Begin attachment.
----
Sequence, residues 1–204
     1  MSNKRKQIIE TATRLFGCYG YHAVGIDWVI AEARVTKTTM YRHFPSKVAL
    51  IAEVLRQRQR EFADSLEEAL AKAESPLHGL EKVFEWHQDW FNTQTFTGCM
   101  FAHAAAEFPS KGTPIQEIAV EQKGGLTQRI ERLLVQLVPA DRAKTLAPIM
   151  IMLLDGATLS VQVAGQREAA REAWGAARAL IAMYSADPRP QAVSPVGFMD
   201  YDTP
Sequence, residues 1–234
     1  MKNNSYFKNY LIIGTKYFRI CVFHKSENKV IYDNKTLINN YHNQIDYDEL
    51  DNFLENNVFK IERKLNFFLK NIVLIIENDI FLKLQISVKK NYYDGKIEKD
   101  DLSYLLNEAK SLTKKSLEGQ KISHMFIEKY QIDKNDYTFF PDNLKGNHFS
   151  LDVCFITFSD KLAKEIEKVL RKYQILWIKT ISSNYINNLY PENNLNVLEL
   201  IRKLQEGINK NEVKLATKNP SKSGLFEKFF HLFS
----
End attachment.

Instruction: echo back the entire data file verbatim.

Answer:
Sequence, residues 1–204
     1  MSNKRKQIIE TATRLFGCYG YHAVGIDWVI AEARVTKTTM YRHFPSKVAL
    51  IAEVLRQRQR EFADSLEEAL AKAESPLHGL EKVFEWHQDW FNTQTFTGCM
   101  FAHAAAEFPS KGTPIQEIAV EQKGGLTQRI ERLLVQLVPA DRAKTLAPIM
   151  IMLLDGATLS VQVAGQREAA REAWGAARAL IAMYSADPRP QAVSPVGFMD
   201  YDTP
Sequence, residues 1–234
     1  MKNNSYFKNY LIIGTKYFRI CVFHKSENKV IYDNKTLINN YHNQIDYDEL
    51  DNFLENNVFK IERKLNFFLK NIVLIIENDI FLKLQISVKK NYYDGKIEKD
   101  DLSYLLNEAK SLTKKSLEGQ KISHMFIEKY QIDKNDYTFF PDNLKGNHFS
   151  LDVCFITFSD KLAKEIEKVL RKYQILWIKT ISSNYINNLY PENNLNVLEL
   201  IRKLQEGINK NEVKLATKNP SKSGLFEKFF HLFS